We give our children loving care, but it makes no sense to do so unless we do everything in our power to give them a future world in which they can survive. We also have a duty to our grandchildren, and to all future generations.
Today we are faced with the threat of anenvironmental megacatastrophe, of which the danger of catastrophic climate change is a part. We also face the threat of an all-destroying nuclear war.
Finally, because of population growth, the effect of climate change on agriculture, and the end of the fossil fuel era, there is a danger that by the middle of the present century a very large-scale famine could take the lives of as many as a billion people.
We owe it to our children to take urgent action to prevent these threats from becoming future realities. We must also act with dedication to save our children from other social ills that currently prevent their lives from developing in a happy and optimal way, for example child labour, child slavery, starvation, preventable disease and lack of education. These, too, are threats to our children's future.
The climate emergency: Urgent action is needed
The annual Emissions Gap report from the U.N. Environmental Program (UNEP), released on November 26, 2019, warned that nations' commitments under the Paris climate accord – from which U.S. President Donald Trump began formally withdrawing this month - are not nearly sufficient to bring about the widespread changes needed to avert climate catastrophe.
The report stated that global temperatures are on track to rise as much as 3.2°C by the end of the century, meaning only drastic and unprecedented emissions reductions can stave off the most devastating consequences of the climate crisis. What is needed, according to the report, is a complete halt in the production of fossil fuels.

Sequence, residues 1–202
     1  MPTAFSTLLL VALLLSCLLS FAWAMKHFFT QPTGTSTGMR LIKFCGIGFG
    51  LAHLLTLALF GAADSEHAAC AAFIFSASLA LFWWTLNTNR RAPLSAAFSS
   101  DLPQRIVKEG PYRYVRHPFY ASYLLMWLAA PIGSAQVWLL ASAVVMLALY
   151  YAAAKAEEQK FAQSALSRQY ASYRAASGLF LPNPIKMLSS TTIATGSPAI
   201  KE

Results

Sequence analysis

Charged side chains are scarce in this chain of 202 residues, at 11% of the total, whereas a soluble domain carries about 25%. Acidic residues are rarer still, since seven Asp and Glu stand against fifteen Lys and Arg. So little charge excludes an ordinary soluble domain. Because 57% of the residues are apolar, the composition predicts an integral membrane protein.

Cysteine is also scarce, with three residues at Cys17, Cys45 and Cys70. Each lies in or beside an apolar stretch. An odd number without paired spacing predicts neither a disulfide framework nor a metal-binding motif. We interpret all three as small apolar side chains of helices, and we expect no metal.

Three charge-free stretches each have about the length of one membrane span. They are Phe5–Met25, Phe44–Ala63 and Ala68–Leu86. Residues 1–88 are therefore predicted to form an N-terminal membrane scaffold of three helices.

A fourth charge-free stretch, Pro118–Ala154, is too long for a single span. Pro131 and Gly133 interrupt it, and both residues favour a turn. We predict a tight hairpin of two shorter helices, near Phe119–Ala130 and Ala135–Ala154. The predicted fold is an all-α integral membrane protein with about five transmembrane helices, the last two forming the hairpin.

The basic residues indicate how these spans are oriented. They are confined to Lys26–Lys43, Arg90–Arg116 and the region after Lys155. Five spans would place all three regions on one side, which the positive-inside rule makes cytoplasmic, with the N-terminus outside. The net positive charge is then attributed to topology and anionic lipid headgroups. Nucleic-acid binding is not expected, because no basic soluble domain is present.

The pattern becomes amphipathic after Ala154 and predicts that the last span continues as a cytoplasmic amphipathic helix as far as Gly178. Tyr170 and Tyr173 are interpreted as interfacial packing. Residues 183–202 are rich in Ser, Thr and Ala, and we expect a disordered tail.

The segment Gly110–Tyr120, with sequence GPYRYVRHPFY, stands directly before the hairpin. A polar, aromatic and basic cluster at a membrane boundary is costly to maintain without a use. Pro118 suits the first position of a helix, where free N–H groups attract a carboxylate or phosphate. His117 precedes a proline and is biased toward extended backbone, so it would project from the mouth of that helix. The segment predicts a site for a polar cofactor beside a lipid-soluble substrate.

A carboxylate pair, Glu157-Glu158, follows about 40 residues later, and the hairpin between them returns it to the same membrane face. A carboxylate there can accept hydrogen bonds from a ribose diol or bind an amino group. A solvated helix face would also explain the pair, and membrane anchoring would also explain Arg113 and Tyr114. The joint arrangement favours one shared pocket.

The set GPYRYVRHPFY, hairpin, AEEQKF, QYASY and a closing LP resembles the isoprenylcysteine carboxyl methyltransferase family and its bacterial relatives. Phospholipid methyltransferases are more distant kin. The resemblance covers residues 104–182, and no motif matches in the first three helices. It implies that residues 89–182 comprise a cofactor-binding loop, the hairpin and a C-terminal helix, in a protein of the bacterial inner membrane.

Renewable energy is now cheaper than fossil fuels, so the transition to renewables could be driven by economic forces alone if governments worldwide would stop their sponsorship of fossil fuel industries,to which they currently give enormous tax benefits and other subsidies.
Other urgently needed actions are a halt to deforestation, combined with massive reforestation, substitution of other building materials for cement, better climate coverage in the mass media, abandonment of growth-oriented economic goals, shift to more plant-based diet, and deep cuts in military activities.
We must rid the world of nuclear weapons
A Treaty banning nuclear weapons was adopted by an overwhelming majority vote on the floor of the UN General Assembly, following the precedent set by the Arms Trade Treaty. The Treaty on the Prohibition of Nuclear Weapons was passed on 7 July, 2017. It prohibits the development, testing, production, stockpiling, stationing, transfer, use and threat of use of nuclear weapons, as well as assistance and encouragement to the prohibited activities. For nuclear armed states joining the treaty, it provides for a time-bound framework for negotiations leading to the verified and irreversible elimination of its nuclear weapons programme.
The International Campaign to Abolish Nuclear Weapons (ICAN) campaigned vigorously for the adoption of the Treaty, and was awarded the 2017 Nobel Peace Prize for its efforts. Although bitterly opposed by nuclear weapons states, the Treaty has great normative value, and one fervently hopes that the force of public opinion will eventually force all governments to give their citizens what the vast majority long for: a nuclear-weapon-free world.
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